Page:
God’s vivacious light shining through us through our writing also gives direction. It wil
l lead others on the right path, cleverly and subtly. Our written words should reveal that vitality in our own life as we share it with others. Something like a candle that stays well lit. Have you ever considered yourself as a candle?

As lights of the world, you and I should also write with spiritual individuality and uniqueness because of our determination to do so. Have you ever noted how a well-lit candle does not need the approval or recognition of the other candles to keep it burning? It can stand alone with grace. Even after a bad review or rejection by any editor. Even if that writer has never published in the one place she most desires.

No light of the world will allow disappointment to stop her from plugging away at the computer if she believes she is meant to write and works hard at her craft.

Spiritually Significant Writing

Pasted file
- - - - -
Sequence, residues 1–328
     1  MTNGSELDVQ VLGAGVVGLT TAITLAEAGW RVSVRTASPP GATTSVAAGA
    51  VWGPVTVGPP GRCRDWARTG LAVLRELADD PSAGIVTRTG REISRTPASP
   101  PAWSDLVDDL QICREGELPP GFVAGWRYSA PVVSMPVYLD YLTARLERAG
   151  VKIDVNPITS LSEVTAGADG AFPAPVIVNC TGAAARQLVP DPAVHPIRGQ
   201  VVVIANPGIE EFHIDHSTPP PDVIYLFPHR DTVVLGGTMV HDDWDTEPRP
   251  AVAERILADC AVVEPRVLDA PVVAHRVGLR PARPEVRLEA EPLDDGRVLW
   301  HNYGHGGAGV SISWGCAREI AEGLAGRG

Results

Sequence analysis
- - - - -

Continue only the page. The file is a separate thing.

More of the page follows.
The final part of that tip from the Lord speaks to our spiritual significance as writers. A candle of the Lord shines with significance…even if it is broken or malformed.
Even broken candles have wicks, which will keep the candle flame burning, and always upward. It is that outside source within the candle that gives the wick its light in the first place. Broken or malformed, we as Christian writers shine too, regardless of the condition we are in, as long as our wick stays part of our purpose for shining. No writer should ever consider herself a failure, if she is sharing salt and shining as a light by her witness. Lights will only grow dim in the absence of spiritual influence, vivacity, individuality and significance. Or when a Christian writer quits honing her craft and begins to draw more attention to herself over God.

What again is that important tip for us as writers? To stay as the salt of the earth, as lights of world, to write and share only that which in the end will glorify God.

How vivid is your light?